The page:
The Harbor Master eBook

This eBook from the Gutenberg Project consists of approximately 236 pages of information about The Harbor Master.
applied the hatchet to the left side of the window.  He worked all round the sash in this way and at last pushed it inward with both hands until it hung below the sill by a couple of bent spikes.  He thrust the hatchet in his belt and entered the room.  He put up his hand to the rafter that crossed the low ceiling and so felt his way along to the middle of the room.  Halting there, he removed the fur mitten from his right hand and felt about until his chilled fingers discovered a thin crack in the whitewash of the rafter.  The little square of dry wood came away in his fingers.  Next moment he held the leather-bound casket in his hand.  He opened it and felt the cold jewels which he could not see.  Then he closed it, slipped it into a pocket, replaced the square of wood in the beam and made his cautious way back to the window.  He crawled over the sill, turned and tried to lift the sash upward and outward to its place.  The sash came up easily enough but the bent spikes would not hold.  After a few minutes of fruitless effort he turned away, leaving the window wide open.  The sky was black as the throat of a chimney.  A breath of wind came from the northwest.  Foxey Jack Quinn was not weatherwise, however.  He climbed the path to the edge of the barrens and turned to the north.

“Diamonds white an’ red,” he muttered.  “I seen ’em, and I knowed what they was.  Every little stone bes worth more nor all the fore-and-afters on the coast.  I bes a rich man now—­richer nor the governor, richer nor any marchant in St. John’s—­richer nor the king o’ England, maybe.  Holy saints be praised!  Never agin will I wet a line at the fishin’ nor feel the ache o’ hunger in my belly.  Denny Nolan will soon be cursin’ the day he batted me about like a swile.”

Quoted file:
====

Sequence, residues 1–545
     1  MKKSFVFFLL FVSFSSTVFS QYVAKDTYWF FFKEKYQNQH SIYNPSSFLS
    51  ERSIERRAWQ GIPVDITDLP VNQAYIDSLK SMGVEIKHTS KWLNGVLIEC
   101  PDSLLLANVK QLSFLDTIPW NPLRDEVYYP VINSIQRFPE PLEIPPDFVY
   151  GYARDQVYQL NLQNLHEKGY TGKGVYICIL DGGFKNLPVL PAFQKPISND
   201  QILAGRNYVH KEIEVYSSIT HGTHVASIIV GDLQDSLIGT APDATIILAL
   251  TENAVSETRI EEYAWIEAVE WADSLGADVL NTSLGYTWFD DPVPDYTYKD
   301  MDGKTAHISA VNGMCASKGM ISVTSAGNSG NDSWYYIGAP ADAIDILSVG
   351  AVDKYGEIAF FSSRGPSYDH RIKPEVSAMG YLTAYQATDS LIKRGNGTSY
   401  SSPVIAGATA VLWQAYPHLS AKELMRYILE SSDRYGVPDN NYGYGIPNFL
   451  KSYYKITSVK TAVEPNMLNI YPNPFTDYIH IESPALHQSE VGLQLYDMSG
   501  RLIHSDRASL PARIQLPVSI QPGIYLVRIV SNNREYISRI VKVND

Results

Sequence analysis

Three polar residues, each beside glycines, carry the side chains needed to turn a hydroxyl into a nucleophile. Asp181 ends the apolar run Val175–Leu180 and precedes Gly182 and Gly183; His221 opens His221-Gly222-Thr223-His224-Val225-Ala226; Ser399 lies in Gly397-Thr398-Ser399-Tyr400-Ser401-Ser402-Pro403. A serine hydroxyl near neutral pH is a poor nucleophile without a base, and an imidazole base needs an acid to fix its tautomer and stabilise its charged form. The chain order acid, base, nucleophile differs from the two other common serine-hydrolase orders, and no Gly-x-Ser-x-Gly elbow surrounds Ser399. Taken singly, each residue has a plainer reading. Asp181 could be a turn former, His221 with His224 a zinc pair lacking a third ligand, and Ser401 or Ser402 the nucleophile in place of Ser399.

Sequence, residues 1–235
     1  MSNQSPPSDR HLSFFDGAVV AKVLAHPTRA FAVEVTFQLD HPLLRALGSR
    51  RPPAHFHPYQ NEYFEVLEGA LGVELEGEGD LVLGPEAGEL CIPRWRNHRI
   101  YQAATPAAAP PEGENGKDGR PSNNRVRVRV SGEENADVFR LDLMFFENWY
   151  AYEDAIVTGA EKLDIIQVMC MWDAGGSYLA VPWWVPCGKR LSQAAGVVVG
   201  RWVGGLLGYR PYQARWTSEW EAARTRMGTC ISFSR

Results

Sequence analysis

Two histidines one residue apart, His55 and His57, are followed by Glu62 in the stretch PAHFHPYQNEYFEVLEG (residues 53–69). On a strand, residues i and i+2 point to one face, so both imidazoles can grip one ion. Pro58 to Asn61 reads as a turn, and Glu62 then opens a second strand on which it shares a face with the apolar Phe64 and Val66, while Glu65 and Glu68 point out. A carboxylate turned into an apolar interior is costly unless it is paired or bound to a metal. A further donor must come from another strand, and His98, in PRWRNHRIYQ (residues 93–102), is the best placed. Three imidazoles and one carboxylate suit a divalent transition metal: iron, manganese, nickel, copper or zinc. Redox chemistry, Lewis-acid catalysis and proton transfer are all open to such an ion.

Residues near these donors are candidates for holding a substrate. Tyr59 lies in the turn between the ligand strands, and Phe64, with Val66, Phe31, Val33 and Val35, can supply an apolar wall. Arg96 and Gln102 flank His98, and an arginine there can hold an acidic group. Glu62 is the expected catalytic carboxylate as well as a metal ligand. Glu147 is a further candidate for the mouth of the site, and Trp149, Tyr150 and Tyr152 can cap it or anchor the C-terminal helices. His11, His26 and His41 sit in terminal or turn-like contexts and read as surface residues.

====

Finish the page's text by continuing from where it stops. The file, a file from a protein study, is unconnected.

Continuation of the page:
His plans for the immediate future were clear in his mind but for the more distant future they were vague, though rosy.  He would make the ten miles to Brig Tickle in less than three hours, and from there turn a point or two westward from the coast and strike across country to the head of Witless Bay.  He had a cousin in Witless Bay and could afford to rest in that cousin’s house for a few hours.  There he would hire a team of dogs and make the next stage in quick time.  Dennis Nolan, who would not discover the theft of the diamonds until after sun-up, would be left hopelessly astern by that time.  So Quinn figured it out.  On reaching St. John’s he would go to a shebeen that he knew, in a narrow and secluded back street, and there rent a room.  Then he would commence the business of disposing of one of the diamonds.  Just how he was to go about this he did not know, but he felt sure that Mother McKay, who kept the shebeen, would be able to give him some valuable advice on the subject.  And after that?  Well, the prospects were rosy but vague.  He would get word to his wife in some way to move herself and the children to Witless Bay.  He would send her twenty dollars, and after that, for the rest

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The Harbor Master from Project Gutenberg. Public domain.
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